The introduction actually did cause an awkward moment when Ben greeted her with "Shalom" and tried to talk to her in Hebrew or Aramaic or whatever language was current in Jerusalem.

"Tell him I was kidnapped by pirates when I was very small and so I don't know his language or customs," she hissed to Holmes. Two can play this game. He's not the only one who's done undercover work. "Pirates, Lestrade? How melodramatic."

"Just tell him, husband." Ben looked very sympathetic after Holmes rattled off this explanation.

A tall, elegant-looking woman with her hair in a simple bun had been speaking to Cyrus in a corner by the shop's large brick stoves during this exchange. Now she came forward to greet them, smiled, touched her chest and said "Helena."

Lestrade smiled back and said "Elizabeth," trying not to show how strange the name felt on her tongue. Holmes bowed in his usual fashion and said something to Helena which sounded quite different than the Latin he had been using. "Greek? You know Greek, too?"

"Twenty-second century education is quite deficient, Elizabeth."

"Stick it in your pipe, Linus." Ben's wife was leading them to a table on which a simple meal was already set and introducing the other children as they bustled about getting extra place-settings and pulling out extra stools. Besides Cyrus and Anna, there was a boy of about ten or eleven called Justin, a small boy of seven or so called Marcus and a tall kid of about fourteen or fifteen whose name was Zak or maybe Yak -- he had muttered it under his breath wearing a mutinous teenaged expression that reminded her of Deirdre or Wiggins on their bad days. As they sat down he said something fierce sounding to Ben in what might have been Hebrew.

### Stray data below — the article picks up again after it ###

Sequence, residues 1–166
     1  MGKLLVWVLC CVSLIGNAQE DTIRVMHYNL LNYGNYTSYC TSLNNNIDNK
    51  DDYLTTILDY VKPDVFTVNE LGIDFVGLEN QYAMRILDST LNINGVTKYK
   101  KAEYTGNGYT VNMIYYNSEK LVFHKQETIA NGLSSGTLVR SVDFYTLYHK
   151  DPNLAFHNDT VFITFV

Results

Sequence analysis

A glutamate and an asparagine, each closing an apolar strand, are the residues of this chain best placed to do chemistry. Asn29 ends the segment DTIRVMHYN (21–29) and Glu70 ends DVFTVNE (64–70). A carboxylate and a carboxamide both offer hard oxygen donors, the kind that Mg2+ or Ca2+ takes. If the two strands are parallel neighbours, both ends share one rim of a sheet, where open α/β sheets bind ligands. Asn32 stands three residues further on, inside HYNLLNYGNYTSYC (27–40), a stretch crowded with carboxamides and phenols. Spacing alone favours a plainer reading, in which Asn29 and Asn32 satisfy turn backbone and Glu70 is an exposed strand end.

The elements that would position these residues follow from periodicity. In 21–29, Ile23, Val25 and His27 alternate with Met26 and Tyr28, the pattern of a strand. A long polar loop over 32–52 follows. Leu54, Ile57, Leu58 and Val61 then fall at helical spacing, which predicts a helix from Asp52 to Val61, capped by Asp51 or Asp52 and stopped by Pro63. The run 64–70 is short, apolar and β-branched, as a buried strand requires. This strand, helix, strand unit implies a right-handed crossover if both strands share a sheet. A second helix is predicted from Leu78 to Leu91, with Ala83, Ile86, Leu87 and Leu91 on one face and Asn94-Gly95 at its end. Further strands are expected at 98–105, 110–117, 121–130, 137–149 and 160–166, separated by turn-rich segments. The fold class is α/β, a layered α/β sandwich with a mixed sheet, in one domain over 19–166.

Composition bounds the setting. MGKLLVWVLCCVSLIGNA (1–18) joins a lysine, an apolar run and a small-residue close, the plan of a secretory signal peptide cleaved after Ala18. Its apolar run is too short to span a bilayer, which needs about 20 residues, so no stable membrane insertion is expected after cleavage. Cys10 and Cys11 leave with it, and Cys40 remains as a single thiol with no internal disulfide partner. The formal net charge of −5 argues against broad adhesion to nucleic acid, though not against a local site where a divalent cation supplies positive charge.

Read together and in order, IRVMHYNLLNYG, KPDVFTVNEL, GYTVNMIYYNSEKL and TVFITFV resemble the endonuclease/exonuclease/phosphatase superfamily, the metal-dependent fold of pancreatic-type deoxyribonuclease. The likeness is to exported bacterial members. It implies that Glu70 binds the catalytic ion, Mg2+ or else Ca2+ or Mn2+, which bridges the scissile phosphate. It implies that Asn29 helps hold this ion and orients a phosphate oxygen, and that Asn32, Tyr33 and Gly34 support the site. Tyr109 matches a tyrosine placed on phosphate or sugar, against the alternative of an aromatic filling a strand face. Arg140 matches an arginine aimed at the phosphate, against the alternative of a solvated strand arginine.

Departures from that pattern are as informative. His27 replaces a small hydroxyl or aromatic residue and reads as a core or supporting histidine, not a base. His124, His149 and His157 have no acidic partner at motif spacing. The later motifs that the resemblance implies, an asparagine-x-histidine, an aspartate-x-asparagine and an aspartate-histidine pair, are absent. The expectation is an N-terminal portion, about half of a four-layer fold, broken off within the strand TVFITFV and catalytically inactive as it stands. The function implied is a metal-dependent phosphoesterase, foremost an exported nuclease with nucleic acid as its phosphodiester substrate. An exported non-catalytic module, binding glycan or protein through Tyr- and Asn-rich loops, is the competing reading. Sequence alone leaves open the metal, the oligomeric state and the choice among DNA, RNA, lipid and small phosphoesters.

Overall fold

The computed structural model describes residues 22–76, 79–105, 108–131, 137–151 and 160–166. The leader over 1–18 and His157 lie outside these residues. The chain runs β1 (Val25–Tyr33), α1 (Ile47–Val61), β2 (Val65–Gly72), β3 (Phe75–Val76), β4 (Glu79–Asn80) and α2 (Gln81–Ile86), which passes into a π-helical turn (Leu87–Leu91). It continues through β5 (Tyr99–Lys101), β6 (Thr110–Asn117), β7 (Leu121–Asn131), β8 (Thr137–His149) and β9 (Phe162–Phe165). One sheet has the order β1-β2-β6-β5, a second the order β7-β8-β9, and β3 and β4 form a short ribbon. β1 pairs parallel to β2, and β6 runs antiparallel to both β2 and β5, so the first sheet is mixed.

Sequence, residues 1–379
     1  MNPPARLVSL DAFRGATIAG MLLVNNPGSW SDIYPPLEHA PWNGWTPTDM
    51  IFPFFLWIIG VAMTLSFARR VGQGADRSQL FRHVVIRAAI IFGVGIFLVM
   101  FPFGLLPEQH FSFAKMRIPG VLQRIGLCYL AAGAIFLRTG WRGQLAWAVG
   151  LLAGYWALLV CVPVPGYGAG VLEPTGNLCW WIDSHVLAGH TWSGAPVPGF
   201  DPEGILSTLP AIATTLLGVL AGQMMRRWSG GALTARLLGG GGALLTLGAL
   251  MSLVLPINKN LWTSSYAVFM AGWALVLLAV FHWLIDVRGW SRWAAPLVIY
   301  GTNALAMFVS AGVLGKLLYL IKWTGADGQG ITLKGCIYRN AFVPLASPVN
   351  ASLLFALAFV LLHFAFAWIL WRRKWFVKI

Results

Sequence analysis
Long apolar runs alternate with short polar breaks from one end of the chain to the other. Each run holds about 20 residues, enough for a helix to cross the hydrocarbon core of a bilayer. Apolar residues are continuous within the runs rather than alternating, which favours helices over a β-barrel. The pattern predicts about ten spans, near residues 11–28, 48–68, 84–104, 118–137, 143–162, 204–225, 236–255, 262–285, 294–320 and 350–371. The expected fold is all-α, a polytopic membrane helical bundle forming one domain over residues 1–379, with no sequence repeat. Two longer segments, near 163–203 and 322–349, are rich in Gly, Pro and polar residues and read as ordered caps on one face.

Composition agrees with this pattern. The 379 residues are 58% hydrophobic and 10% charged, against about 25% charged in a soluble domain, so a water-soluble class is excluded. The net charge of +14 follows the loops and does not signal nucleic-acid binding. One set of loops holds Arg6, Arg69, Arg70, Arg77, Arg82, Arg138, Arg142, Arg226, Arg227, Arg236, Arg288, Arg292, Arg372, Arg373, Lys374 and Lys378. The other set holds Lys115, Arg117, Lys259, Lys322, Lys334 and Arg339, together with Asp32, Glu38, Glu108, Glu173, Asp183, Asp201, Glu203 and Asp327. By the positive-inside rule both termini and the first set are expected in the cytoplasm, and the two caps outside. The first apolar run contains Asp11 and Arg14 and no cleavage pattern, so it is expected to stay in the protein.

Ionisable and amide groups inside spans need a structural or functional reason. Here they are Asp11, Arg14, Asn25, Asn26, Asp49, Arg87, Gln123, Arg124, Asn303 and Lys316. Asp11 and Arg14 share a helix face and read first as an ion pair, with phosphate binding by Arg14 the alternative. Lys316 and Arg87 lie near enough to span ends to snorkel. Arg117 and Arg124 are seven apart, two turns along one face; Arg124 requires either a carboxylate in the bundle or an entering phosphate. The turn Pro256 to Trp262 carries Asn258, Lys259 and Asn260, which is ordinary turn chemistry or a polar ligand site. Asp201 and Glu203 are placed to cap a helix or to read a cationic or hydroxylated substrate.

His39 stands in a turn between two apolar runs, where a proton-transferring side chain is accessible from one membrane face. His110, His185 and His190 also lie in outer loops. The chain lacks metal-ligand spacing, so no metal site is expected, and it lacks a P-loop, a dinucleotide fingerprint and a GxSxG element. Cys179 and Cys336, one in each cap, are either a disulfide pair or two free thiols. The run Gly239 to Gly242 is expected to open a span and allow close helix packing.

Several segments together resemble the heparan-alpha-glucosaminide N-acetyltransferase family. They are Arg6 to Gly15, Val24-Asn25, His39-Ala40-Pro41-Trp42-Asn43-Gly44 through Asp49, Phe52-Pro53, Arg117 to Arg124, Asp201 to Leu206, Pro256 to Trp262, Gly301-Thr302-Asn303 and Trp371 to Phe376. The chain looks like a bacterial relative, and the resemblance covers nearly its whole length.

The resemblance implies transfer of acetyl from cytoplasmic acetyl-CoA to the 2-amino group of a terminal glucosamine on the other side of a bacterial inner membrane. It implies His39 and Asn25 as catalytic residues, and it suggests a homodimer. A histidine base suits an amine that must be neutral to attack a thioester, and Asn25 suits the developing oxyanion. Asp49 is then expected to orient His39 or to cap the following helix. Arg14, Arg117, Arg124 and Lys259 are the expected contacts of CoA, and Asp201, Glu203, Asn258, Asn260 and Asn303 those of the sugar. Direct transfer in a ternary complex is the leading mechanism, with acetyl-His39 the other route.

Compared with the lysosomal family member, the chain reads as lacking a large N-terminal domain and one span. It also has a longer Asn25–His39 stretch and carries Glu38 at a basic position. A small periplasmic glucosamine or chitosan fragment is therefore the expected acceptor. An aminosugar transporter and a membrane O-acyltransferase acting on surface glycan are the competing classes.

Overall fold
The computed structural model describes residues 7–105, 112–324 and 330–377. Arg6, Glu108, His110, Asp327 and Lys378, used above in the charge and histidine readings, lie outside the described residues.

Lestrade glared at him across the table. "It's very rude to speak about your guests in a language they don't understand, kid." He stared right back and raised his voice. Ben looked stern and put a quelling hand on his arm.

"The young man thinks we are spies," said Holmes as he handed her a small loaf of bread just from the oven.

"Is that just a guess or do you know his language too?"

"I know enough to get the gist of his remarks, but even if I did not it is obvious that the climate in which these people must live would tend to make them suspicious. On the way here, Cyrus told me that Ben and Helena took him in after the Great Fire separated him from his parents. All these children are refugees -- and I noticed that Cyrus slipped Helena a small scroll earlier."